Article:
"Gee, you know, sometimes I wish...I've gone this far, I might as well say it. Sometimes I wish you and I had... done what we planned before Chris came along. Wendell can buy me almost anything in the world I want... but if I could have been with you on some little ranch, working hard, raising kids, entering stuff in the county fair, driving into town on Saturday night in the pickup... I think I would have made a good ranch wife, don't you?"
Taken aback, John quickly realizes that he is being patronized. "Up until that moment it had not occurred to him that she would regard him as a sort of grubby semi-failure." He responds sarcastically: "Hard work being a woman on a ranch. Chop wood, run the tractor, feed the hogs. Lonely life." So when Gloria asks to see a picture of his family, he pulls out his wallet and leafs through his small collection of family photos. Would he show her the the shot of Betty wearing the Dior dress, standing in front of the enormous fireplace? Or the picture of the family the day the Mercedes was delivered, with the huge ranch house in the background? When he decides on the image of the family standing in front of the airplane on their private runway, he looks up to see an unexpected warmth and vulnerability in her eyes...

"A Romantic Courtesy" is a satisfying little vignette, expertly told, featuring one of MacDonald's hero types, the self-made man. He's driven but fair, hard-working to distraction but never neglecting his family, supremely self-assured yet still harboring gnawing regrets from the past. And Gloria too is a JDM "type," the beautiful but self-absorbed woman who puts her quest for a comfortable life ahead of happiness, but one who has enough self-awareness to realize she might have been wrong. In less than 2,000 words MacDonald put together the full package, a complete world leaving much to the imagination yet nothing unanswered.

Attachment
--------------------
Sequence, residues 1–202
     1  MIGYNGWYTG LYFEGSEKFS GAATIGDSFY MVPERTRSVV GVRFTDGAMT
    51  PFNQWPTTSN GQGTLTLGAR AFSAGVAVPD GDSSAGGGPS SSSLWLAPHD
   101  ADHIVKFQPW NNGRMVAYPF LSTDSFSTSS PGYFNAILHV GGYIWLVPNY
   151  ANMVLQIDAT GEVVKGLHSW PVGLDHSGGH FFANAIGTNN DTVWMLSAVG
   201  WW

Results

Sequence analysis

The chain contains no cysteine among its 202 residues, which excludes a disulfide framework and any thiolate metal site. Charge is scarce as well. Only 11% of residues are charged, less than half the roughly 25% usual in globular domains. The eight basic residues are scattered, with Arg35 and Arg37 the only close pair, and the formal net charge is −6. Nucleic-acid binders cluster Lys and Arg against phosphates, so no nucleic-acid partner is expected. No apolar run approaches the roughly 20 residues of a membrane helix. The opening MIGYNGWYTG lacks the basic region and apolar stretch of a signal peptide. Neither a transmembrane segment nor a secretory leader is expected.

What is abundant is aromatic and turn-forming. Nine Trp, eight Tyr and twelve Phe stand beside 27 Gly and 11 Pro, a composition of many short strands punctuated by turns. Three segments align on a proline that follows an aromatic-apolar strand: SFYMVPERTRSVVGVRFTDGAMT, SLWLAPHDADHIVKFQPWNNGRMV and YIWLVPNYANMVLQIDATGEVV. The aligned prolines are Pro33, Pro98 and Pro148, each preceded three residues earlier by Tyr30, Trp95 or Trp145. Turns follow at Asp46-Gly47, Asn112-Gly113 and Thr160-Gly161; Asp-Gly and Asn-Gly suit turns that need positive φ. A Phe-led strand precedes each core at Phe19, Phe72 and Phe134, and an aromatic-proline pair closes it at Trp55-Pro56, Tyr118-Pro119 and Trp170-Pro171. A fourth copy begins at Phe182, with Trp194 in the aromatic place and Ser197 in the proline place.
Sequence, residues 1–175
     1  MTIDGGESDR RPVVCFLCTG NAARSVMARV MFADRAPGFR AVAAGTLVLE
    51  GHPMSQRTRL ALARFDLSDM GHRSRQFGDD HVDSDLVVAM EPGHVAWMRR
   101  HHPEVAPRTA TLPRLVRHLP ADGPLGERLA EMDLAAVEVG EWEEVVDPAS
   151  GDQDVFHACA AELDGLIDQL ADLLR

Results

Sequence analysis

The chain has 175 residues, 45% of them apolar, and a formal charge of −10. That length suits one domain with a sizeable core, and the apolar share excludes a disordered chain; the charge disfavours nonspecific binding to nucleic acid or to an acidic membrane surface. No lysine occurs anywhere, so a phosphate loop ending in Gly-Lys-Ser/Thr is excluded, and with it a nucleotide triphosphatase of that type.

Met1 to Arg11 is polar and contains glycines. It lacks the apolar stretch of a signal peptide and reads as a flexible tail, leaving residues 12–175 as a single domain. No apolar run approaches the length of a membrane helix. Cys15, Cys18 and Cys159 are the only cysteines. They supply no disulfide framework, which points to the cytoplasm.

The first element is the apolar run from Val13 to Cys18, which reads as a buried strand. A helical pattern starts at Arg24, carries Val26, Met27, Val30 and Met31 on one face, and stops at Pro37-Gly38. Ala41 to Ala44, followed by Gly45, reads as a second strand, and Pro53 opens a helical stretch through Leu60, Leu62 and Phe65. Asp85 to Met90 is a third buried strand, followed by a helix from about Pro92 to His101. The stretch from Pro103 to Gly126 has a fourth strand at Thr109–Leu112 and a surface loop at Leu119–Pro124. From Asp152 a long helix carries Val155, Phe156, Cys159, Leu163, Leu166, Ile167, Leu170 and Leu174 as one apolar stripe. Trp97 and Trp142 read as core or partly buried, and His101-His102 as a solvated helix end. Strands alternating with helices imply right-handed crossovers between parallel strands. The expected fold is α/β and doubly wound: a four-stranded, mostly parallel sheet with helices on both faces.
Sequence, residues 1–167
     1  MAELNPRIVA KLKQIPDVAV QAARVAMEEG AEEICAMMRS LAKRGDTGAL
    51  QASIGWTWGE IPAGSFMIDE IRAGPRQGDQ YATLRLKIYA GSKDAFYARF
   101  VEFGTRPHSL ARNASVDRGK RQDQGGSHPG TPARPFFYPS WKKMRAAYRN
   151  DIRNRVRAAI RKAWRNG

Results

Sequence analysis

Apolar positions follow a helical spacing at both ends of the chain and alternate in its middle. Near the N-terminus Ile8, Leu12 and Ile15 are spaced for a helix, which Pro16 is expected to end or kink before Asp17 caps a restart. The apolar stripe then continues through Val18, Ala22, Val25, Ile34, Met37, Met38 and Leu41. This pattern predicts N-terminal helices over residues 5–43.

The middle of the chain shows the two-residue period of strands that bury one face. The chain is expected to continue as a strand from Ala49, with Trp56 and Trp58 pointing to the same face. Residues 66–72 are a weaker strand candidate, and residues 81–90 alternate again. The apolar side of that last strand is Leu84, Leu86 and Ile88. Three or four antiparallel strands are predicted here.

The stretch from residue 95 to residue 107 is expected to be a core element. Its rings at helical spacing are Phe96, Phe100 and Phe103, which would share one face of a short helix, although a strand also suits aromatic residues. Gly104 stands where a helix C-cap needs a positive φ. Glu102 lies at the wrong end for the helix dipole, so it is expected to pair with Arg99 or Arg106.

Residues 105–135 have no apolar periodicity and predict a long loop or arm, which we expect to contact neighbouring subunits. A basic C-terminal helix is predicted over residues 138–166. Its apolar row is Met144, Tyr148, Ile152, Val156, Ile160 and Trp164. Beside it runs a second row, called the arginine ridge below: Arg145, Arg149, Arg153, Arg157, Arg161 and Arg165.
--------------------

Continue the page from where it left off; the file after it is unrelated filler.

MacDonald was proud of "A Romantic Courtesy" and included it in his first short story anthology, End of the Tiger and Other Stories. Interestingly, there are a few extra sentences in the anthologized version, not important to the overall story but important in further establishing John Raney as an honorable man. I'm not sure if these additions were afterthoughts or if Cosmopolitan removed them for space considerations. Not a big deal, but it is rare to find alterations in republished JDM, as the author strenuously avoided revising anything he had written after it was initially published.

End of the Tiger and Other Stories is out of print but used copies are easy to find.